Apple Store workers earn about the same as other retail workers

The New York Times is shocked at the travesty of paying workers well above the minimum wage and competing stores.

The New York Times continues its iEconomy series of in-depth reporting on the largest company in America, with an examination of what it's like to work in an Apple Store:

Last year, during his best three-month stretch, Jordan Golson sold about $750,000 worth of computers and gadgets at the Apple Store in Salem, N.H. It was a performance that might have called for a bottle of Champagne — if that were a luxury Mr. Golson could have afforded.

"I was earning $11.25 an hour," he said. "Part of me was thinking, 'This is great. I’m an Apple fan, the store is doing really well.' But when you look at the amount of money the company is making and then you look at your paycheck, it’s kind of tough."

David Segal, the article's author, is keen to contextualise the wage in terms, not just of the value of goods sold by the employees, but of how much the company earns overall:

Apple is not selling polo shirts or yoga pants. Divide revenue by total number of employees and you find that last year, each Apple store employee — that includes non-sales staff like technicians and people stocking shelves — brought in $473,000.

In fact, this article, as with the cross-national McWages Index we wrote about on Friday, just serves to illustrate a key point of labour economics: wages have just as much to do with every company the employee doesn't work for as the one they do. Apple offers above average pay, far outstripping the US minimum wage and beating clothes retailer Gap, but offering less than Lululemon, a yogo apparel chain.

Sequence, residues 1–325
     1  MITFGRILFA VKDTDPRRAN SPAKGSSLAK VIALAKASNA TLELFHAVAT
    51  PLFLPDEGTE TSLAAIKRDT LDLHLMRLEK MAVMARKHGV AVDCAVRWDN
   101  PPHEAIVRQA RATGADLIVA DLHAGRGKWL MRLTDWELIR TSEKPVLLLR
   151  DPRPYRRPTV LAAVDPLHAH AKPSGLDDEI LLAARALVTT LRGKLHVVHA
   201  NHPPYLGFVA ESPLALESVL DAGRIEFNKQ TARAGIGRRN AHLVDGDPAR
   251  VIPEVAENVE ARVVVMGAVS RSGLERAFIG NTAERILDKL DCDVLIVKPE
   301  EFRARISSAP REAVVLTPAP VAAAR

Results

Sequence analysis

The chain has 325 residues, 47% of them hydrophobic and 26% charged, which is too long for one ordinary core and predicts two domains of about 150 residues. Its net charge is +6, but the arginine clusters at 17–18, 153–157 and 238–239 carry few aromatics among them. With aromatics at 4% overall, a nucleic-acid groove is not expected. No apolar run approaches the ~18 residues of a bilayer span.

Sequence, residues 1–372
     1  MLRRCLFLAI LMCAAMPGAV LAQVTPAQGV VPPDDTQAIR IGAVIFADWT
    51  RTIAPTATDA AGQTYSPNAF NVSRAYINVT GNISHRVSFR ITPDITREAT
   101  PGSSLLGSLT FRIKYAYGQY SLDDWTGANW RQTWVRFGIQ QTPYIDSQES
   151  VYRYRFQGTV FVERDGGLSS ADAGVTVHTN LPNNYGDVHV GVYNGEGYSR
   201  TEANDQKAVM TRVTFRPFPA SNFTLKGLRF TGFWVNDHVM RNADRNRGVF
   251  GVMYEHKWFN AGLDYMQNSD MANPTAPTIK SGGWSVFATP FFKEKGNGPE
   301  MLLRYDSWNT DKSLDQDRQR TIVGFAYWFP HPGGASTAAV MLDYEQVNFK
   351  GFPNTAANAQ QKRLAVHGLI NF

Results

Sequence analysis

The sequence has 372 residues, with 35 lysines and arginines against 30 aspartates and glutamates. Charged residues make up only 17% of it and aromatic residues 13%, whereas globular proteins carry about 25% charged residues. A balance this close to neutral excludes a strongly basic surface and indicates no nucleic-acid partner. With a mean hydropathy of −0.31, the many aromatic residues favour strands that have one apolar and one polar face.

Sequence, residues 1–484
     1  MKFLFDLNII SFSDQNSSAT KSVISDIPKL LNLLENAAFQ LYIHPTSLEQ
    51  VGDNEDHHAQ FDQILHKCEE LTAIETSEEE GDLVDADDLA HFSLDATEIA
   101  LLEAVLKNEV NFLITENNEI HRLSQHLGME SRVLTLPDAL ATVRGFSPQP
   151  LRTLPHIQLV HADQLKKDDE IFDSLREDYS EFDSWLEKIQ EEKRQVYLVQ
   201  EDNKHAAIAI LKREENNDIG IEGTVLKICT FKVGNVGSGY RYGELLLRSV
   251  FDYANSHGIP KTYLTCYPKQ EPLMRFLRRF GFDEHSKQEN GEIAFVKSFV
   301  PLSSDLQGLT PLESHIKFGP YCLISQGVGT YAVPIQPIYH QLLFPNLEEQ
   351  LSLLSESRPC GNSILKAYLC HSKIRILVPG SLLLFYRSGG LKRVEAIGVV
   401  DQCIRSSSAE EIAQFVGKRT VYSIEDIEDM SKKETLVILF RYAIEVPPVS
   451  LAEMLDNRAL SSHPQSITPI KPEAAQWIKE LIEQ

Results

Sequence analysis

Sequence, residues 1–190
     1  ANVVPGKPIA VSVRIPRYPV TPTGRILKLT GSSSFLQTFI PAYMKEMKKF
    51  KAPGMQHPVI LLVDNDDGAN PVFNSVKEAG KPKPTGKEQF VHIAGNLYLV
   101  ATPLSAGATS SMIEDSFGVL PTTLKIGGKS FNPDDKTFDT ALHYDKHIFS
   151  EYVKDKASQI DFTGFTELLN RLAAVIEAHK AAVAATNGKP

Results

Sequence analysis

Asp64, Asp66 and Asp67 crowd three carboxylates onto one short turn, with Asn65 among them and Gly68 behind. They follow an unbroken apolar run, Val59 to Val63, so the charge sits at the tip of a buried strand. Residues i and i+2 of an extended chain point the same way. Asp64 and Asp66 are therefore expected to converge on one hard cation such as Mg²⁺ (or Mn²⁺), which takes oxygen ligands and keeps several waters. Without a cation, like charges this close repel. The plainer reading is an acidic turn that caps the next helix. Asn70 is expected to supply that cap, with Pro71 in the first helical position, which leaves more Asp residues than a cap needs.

Apple also offers strong benefits, important in the safety-net-free American economy, with health care, pensions, and discounts on stock purchases all provided to employees. 

The problem the employees have is that very little of the astonishingly high revenue per employee – comparable with sales in consulting, rather than retail, according to Asymco's Horace Dediu – is due to them. Apple is a hugely profitable company, which has more or less monopolised the high-end of at least three seperate consumer goods markets. It's as though BMW were not only the number one luxury car manufacturer, but also the number one motorbike and bicycle producer. As Slate's Matt Yglesias writes:

The converse of Apple Store workers not being rich despite the company's success is that Sears & K-Mart workers don't earn negative wages even though their company loses money.

Even if Apple wanted the best retail employees in the world, they would only have to pay a bit more than the company which is happy having the second best retail employees. And, judging by appearences, they don't. They are happy to have employees at much the same level as other high-end, but ultimately consumer-grade, companies.

And while they receive merely comparable relative incomes, the absolute income of an Apple Store employee is high enough that, as Yglesias adds, we should wish that everyone earns the same:

The really urgent question isn't why aren't Apple Store jobs better, but why are so many jobs worse than this?

Apple Store employees dance in Rome

Alex Hern is a technology reporter for the Guardian. He was formerly staff writer at the New Statesman. You should follow Alex on Twitter.

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Four times Owen Smith has made sexist comments

The Labour MP for Pontypridd and Jeremy Corbyn’s Labour leadership rival has been accused of misogynist remarks. Again.

2016

Wanting to “smash” Theresa May “back on her heels”